The mission of the Spirit is not to do “great things” in the world, but to effect “the great work:” the Incarnation of God and the divinization of man. All else derives from this.
Like John the Baptist, we are driven to look for great religious achievements in the world as a result of Christ’s having come. If God has come among us as one of us, then that should become evident to the senses – we think - and we should be able to see the difference after 2000 years. Driven by the culture of sensation, positivism, objectification and success, we hanker after a kind of “theocracy” not totally unlike the religious culture of Islam. And so, the question: “Are you really he who is to come, or shall we look for another?” (Lk. 7, 19) “Are you really he: the Redeemer of the world? Are you really here now as the Redeemer? Was that all that God had to say to us?”We search for a sensible and provable certainty to our measure and liking that we can hold in our hand and offer to any and all comers.
Of course, the response of Christ to John the Baptist was: “Go and tell John what you have seen and heard. The blind see, the lame walk, the deaf hear, the dead are raised, the poor have the gospel preached to them, and blessed is he who is not scandalized in me” (Lk. 7, 22-23). Christ reveals the supernatural dimension of His “I” and the works that He performs. They are not sensible perceptions on the same level of experience as we would find “street signs and dollar bills.” As the face of the risen Christ was sensibly perceived but not recognizable except by an interior conversion, so also these events could not be recognized for what they were except by a conversion to the relational. The supreme axiom of epistemology is, “like is known by like.” And so Benedict declares rather early on in his book: “The great question that will be with us throughout this entire book: What did He [Christ] bring? The answer is very simple: God!!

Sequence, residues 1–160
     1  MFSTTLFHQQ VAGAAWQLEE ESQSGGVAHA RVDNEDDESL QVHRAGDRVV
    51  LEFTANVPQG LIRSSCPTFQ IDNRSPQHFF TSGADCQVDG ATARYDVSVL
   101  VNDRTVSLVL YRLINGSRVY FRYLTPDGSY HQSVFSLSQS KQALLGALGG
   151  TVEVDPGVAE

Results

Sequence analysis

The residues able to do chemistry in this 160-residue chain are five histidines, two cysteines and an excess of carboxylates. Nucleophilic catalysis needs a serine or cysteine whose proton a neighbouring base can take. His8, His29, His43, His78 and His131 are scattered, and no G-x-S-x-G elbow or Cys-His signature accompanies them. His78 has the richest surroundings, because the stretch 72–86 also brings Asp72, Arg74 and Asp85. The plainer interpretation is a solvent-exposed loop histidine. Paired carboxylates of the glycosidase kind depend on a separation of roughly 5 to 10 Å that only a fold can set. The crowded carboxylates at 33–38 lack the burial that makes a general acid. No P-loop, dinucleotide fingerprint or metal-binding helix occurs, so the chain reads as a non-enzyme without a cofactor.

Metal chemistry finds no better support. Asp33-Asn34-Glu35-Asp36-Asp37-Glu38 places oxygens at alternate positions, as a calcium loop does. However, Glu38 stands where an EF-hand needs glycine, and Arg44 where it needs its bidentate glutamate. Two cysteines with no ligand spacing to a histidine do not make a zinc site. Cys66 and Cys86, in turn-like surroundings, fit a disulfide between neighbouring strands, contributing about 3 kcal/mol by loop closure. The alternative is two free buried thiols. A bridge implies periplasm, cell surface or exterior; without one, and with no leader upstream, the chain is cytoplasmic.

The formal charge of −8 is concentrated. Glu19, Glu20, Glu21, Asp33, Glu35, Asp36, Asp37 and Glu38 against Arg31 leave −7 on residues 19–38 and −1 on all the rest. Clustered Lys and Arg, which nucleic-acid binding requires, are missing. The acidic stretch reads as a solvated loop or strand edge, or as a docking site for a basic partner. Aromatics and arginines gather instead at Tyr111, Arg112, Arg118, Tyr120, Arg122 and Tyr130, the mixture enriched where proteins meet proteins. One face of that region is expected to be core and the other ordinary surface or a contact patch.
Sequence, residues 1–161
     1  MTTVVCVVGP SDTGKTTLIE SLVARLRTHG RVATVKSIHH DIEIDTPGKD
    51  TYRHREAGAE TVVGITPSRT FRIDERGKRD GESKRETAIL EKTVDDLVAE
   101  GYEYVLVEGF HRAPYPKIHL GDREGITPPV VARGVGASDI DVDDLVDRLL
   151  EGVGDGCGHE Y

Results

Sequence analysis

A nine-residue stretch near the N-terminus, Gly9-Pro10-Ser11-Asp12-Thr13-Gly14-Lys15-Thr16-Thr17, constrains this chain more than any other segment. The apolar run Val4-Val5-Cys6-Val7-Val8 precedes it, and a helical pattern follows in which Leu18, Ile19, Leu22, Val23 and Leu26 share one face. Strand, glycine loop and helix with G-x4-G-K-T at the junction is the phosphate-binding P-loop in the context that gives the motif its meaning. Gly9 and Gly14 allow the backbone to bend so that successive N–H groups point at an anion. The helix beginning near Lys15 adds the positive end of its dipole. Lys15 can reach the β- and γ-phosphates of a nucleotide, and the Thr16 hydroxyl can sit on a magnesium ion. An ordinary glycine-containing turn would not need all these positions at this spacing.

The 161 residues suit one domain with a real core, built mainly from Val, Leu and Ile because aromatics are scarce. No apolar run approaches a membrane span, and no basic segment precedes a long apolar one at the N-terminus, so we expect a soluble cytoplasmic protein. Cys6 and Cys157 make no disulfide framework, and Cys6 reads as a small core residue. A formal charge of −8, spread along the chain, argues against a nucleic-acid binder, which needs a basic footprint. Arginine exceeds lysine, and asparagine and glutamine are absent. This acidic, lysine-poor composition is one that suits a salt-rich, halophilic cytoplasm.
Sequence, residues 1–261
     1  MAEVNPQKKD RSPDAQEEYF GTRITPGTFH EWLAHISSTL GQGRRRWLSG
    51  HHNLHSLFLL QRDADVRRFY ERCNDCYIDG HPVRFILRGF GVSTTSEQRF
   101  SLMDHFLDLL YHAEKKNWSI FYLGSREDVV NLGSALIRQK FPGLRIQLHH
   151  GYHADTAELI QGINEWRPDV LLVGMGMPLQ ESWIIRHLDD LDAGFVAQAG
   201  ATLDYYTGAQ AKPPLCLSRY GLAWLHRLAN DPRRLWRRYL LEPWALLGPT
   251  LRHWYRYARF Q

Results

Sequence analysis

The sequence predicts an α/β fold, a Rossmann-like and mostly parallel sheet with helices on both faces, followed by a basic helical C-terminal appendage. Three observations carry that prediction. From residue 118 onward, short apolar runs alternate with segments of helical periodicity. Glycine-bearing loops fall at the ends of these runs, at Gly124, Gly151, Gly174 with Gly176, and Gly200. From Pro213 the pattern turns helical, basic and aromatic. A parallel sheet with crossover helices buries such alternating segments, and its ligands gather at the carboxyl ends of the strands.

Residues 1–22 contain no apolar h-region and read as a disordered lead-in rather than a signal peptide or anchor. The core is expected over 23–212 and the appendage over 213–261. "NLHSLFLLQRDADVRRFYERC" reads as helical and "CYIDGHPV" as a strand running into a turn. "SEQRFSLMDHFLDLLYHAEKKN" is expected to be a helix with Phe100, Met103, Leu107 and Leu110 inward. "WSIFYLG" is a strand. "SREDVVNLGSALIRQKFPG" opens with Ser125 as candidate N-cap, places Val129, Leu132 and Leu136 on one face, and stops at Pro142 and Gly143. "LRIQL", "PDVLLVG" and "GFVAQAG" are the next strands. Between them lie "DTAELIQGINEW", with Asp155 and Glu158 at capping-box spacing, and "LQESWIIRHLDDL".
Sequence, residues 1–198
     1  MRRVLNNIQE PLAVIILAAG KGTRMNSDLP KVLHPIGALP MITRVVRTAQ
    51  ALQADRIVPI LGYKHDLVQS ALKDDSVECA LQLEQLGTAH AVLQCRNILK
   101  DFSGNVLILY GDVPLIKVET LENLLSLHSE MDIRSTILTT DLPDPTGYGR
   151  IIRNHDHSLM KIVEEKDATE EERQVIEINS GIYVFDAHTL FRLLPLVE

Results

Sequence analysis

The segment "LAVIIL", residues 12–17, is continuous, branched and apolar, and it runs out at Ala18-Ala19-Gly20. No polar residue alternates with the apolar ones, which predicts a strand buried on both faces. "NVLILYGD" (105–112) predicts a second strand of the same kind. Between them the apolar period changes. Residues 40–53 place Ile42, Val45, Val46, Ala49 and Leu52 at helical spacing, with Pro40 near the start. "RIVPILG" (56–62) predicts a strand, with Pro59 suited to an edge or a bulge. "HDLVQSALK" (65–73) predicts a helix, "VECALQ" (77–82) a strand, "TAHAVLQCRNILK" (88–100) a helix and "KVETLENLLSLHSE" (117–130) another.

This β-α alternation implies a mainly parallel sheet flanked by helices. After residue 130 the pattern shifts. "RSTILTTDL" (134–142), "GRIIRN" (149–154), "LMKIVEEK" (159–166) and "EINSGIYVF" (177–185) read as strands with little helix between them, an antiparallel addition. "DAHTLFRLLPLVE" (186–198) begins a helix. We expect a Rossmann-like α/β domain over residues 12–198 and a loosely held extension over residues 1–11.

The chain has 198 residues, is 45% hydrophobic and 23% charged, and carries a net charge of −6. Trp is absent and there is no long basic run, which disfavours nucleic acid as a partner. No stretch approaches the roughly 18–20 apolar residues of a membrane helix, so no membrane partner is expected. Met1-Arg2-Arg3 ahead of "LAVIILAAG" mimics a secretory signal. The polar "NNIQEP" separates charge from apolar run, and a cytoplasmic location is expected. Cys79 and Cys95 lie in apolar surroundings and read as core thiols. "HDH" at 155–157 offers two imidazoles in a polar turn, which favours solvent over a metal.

Hence, to see Christ for John – as for us now – consisted in going through conversion. He had “to become blessed by this unquestioning acceptance of God’s obscure will; to reach the point of asking no further for external, visible, unequivocal clarity, but, instead of discovering God as we an apple tree or a neon sign, that is, in a purely external way that requires no interior commitment. We can see him by becoming like him, by reaching the level of reality on which God exists.”
The Leitmotif of Benedict’s “Jesus of
Benedict explicitates the above with “the great question that will be with us throughout this entire book: What did Jesus actually bring, if not world peace, universal prosperity, and a better world? What has he brought?
“The answer is very simple: God. He has brought God. He has brought the God who formerly unveiled his countenance gradually, first to Abraham, then to Moses and the Prophets, and then in Wisdom Literature – the God who revealed his face only in Israel, even though he was also honored among the pagans in various shadowy guises. It is this God, the God of Abraham, Isaac, and Jacob, the true God, whom he has brought to the nations of the earth.
“He has brought God, and now we know his face, now we can call upon him. Now we know the path that we human beings have to take in this world. Jesus has brought God and with God the truth about our origin and destiny: faith, hope, and love. It is only because of our hardness of heart that we think this is too little. Yes indeed, God’s power works quietly in this world, but it is the true and lasting power. Again and again, God’s cause seems to be in its death throes. Yet over and over again it proves to be the thing that truly endures and saves. The earthly kingdoms that Satan was able to put before the Lord at that time have al passed away. Their glory, their doxa, has proven to be a mere semblance. But the glory of Christ, the humble, self-sacrificing glory of his love, has not passed away, nor will it ever do so.”